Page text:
12.03.09

Opening Statement, Senate Committee On The Judiciary, Executive Business Meeting

The Committee meets today with a full agenda. We have the opportunity to vote on five judicial nominees and six executive branch nominees. As we approach the end of the year, I hope that none of them will be needlessly delayed. They should be reported to the Senate now for final action before the end of the year.

We have a number of bills to consider including two, the Hate Crimes Against the Homeless Statistics Act and the Dale Long Emergency Medical Service Providers Protection Act, that I would expect can be reported without extended debate.

And I hope the Committee is finally allowed to complete its consideration of our bipartisan legislation to establish a qualified privilege for journalists to protect their confidential sources and the public's right to know. I remain committed to establishing a meaningful Federal shield law. In my view it is time for us to act on this open government bill, the Free Flow of Information Act.

Before we adjourned for the Thanksgiving recess, we heard from the Attorney General, who expressed his support for the substitute bill. We have received a letter from Attorney General Holder and Director of National Intelligence Blair in support of the measure. The intelligence community and law enforcement have had their concerns addressed, and we have before us a bill that now has the administration's support.

The bill as amended recognizes the need to protect our Nation and enforce our criminal laws, while also ensuring freedom of expression and the public's right to know. The bill now includes several improvements to better protect the Government's important national security and law enforcement interests. I am very pleased that it also restores important protections that I helped craft to protect bloggers and freelance journalists.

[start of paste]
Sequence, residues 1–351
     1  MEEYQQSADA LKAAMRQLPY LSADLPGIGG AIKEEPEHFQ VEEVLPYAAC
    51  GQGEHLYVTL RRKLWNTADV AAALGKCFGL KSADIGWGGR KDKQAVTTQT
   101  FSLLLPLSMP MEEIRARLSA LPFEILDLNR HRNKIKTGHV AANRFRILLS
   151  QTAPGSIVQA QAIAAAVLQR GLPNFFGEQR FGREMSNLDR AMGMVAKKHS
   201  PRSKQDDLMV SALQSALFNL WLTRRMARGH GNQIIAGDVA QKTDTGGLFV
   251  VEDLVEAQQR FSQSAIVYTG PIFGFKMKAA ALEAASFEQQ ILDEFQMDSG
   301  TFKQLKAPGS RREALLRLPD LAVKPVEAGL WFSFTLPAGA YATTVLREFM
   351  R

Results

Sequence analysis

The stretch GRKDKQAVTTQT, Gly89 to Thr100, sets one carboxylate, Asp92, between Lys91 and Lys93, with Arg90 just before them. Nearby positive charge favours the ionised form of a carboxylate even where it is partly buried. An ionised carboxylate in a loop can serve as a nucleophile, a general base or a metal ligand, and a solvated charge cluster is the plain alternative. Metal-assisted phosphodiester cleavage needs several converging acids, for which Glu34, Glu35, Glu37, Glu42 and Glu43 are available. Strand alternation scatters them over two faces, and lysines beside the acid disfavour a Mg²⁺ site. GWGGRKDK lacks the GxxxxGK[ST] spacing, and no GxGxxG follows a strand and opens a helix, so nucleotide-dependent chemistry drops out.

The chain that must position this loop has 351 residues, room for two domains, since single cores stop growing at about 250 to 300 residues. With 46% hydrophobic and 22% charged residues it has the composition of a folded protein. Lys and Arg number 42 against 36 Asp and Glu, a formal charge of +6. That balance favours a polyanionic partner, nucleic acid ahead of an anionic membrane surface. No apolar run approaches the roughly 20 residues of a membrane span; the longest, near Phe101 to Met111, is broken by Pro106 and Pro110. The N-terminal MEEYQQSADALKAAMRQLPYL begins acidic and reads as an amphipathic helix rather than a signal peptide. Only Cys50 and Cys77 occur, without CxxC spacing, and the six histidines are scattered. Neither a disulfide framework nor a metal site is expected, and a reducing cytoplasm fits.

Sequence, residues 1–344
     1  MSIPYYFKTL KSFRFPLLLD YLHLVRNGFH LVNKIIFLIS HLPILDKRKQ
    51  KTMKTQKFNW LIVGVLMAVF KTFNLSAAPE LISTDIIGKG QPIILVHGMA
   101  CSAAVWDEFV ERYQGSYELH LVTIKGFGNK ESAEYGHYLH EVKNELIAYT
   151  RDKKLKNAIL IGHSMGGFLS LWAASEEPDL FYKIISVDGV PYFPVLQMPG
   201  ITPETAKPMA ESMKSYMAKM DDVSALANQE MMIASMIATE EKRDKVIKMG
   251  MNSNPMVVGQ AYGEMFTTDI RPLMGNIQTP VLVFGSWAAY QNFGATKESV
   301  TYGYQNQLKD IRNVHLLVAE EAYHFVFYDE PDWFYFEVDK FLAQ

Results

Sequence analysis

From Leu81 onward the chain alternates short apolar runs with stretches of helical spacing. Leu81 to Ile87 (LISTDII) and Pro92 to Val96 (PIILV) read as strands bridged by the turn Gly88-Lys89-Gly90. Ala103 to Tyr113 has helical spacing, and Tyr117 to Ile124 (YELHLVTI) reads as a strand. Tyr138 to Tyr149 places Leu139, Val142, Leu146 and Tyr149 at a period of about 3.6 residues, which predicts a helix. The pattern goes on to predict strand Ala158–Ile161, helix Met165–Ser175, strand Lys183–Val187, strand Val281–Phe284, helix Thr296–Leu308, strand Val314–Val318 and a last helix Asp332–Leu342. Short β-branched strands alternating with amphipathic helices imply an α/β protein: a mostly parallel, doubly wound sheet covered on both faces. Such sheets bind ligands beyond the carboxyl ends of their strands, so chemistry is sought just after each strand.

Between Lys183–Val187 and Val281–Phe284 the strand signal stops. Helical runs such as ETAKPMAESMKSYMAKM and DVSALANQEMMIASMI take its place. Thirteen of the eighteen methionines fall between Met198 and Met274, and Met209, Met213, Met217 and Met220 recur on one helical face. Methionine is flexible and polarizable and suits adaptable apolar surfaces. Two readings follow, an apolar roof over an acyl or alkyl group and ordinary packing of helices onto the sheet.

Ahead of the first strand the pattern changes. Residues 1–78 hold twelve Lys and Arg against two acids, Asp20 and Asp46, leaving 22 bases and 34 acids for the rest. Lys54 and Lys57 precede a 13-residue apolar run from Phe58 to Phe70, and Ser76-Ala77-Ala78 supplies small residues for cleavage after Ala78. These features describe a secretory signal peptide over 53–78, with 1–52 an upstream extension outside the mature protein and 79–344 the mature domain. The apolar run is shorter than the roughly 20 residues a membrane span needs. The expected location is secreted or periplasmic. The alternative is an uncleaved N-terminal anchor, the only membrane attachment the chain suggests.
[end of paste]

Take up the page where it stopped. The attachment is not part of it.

Benjamin Franklin noted: "You may delay, but time will not, and lost time is never found again." After years of debate and numerous cases of reporters being held in contempt, fined and even jailed for honoring their professional commitment to not publicly reveal their sources, the time has come for this Committee to again report, and for Congress to finally enact, a Federal shield law. I urge all Members, included those who will vote against the bill, to work in a constructive manner so that we can report this bill today.

When we last met before Thanksgiving I urged the Republican members who have been filibustering this bill to work with Senator Specter and Senator Schumer, and to come forward with a limited number of amendments that could be considered today so that we can consider them and then vote on sending the bill to the Senate.

The Capitol Christmas tree this year comes from Arizona—not Vermont this year, but Arizona. I urge some Christmas spirit today on this Committee. Let us move forward today. If there are still a limited number of additional amendments that we need to consider, I ask that they be identified, debated and voted upon expeditiously.

Last month, I also said that if Republicans on the Committee are unwilling to cooperate in finishing our consideration of this bill, I expect Senator Specter and Senator Schumer to take this important measure directly to the Senate calendar. I hope that will not be necessary.

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